Resisting profiling: our response to the National Fraud Initiative consultation

PI submitted a response to the Cabinet Office’s consultation on the expansion of the National Fraud Initiative powers. The consultation is open until 5 May 2021.

Key points
  • The proposed expansion of the National Fraud Initiative raises significant privacy and discrimination concerns.
  • Insufficient information is currently available to truly comprehend the functioning and consequences of the NFI under the new changes suggested.
  • PI is urging anyone with an interest in the National Fraud Initiative to submit their views by 24 March 2021.
News & Analysis

We have set out our understanding of the NFI’s current functioning here.

The National Fraud Initiative is a data-matching exercise overseen by the Cabinet Office which allows a range of public and private sector entities to access personal data, exclusively for the purposes of preventing and detecting fraud. A current government consultation suggests expanding the NFI to include four new, wide-ranging purposes:

  • Data-matching to assist in the prevention and detection of crime (other than fraud);
  • Data-matching in the apprehension and prosecution of offenders;
  • Data-matching to assist in the prevention and detection of errors and inaccuracies; and
  • Data-matching to assist in the recovery of debt owing to public bodies.

We believe that the proposed developments to the NFI pose a threat to privacy and other rights and must be subjected to strong safeguards and transparency measures.

Below, we provide a brief summary of the issues we have identified so far.

Radical changes

It’s important to understand that the current iteration of the National Fraud Initiative (NFI) can only be used for the purposes of preventing and detecting a single crime: fraud. The proposed changes would make the NFI useable for all other crimes, but not just that: they also make it possible for extensive data-matching powers to be put to the service of other, much less urgent purposes, such as the detection of errors and inaccuracies.

Under the UK GDPR, data protection principles must be observed. These include, but are not limited to, transparency, fairness, purpose limitation, and data minimisation.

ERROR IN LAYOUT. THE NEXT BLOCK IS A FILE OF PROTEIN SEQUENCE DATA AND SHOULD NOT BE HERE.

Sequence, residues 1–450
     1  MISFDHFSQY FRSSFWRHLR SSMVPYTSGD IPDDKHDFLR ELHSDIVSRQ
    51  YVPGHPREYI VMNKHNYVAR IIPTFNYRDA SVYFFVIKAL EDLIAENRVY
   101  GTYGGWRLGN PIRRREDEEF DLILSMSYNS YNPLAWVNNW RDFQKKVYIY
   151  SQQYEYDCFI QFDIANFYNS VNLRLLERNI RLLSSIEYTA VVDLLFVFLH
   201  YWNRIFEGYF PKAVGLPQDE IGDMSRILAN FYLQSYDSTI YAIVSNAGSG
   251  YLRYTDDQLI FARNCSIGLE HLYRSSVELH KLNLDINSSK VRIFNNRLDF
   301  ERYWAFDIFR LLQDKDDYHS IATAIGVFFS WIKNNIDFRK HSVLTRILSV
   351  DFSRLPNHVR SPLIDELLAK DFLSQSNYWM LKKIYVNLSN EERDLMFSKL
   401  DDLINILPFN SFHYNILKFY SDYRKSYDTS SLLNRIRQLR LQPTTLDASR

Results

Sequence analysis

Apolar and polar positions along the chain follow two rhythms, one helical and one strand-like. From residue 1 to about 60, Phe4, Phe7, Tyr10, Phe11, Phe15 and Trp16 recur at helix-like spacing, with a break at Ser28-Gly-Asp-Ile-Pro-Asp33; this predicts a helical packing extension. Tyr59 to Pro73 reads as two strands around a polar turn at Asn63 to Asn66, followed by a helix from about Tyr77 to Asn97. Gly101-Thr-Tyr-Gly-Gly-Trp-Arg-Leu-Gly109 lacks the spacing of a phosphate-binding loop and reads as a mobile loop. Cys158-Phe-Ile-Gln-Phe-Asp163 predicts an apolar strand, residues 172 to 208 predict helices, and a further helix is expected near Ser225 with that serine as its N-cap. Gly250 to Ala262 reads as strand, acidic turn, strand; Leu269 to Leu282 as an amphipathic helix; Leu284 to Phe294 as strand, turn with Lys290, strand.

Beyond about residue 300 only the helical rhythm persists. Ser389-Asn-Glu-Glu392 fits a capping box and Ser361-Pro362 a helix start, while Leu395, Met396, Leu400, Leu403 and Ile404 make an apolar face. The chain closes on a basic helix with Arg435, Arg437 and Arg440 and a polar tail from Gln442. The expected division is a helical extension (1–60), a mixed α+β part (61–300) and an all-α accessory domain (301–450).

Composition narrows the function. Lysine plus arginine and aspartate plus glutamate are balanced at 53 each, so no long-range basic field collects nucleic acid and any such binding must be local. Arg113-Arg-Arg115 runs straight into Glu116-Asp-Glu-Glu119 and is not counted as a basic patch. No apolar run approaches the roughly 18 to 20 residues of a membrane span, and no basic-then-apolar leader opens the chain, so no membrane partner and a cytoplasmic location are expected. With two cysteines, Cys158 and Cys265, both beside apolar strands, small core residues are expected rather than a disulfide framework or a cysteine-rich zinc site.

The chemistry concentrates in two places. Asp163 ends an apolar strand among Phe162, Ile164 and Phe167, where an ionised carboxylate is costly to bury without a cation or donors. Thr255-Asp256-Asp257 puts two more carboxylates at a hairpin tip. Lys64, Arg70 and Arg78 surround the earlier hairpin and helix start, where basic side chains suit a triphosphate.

The proposed changes to the NFI foreshadow increased data processing, under the umbrella of extremely broad purposes, with little guarantees that the data processed will be kept to the minimum necessary, or that it will be fair. Alarmingly, the government will be able to usher these new changes without the benefit of extensive parliamentary scrutiny, through secondary legislation.

Expanded profiling powers

Neither the Consultation nor the Draft Code mention once the word “profiling”. However, that is exactly what the NFI entails. Profiling is defined by the UK GDPR as:

any form of automated processing of personal data consisting of the use of personal data to evaluate certain personal aspects relating to a natural person, in particular to analyse or predict aspects concerning that natural person’s performance at work, economic situation, health, personal preferences, interests, reliability, behaviour, location or movements.

Profiling is understood to be so data-intensive in nature, that its extensive use automatically triggers an obligation to carry out a Data Protection Impact Assessment. The fact that profiling has been carried out for years in relation to fraud investigations is already concerning. The proposed expansion of the use of profiling for a range of new purposes raises significant additional concerns which must be addressed prior to implementation.

Lack of transparency

There is a lack of transparency on multiple levels, which is significant in at least three key aspects.

Firstly, we do not know whether the additional powers proposed will be effective in addressing the government’s concerns - in other words, whether they will actually work. It is inherently disproportionate for the government to engage in significant profiling, in circumstances where the potential benefits are undisclosed to the public, or simply unknown.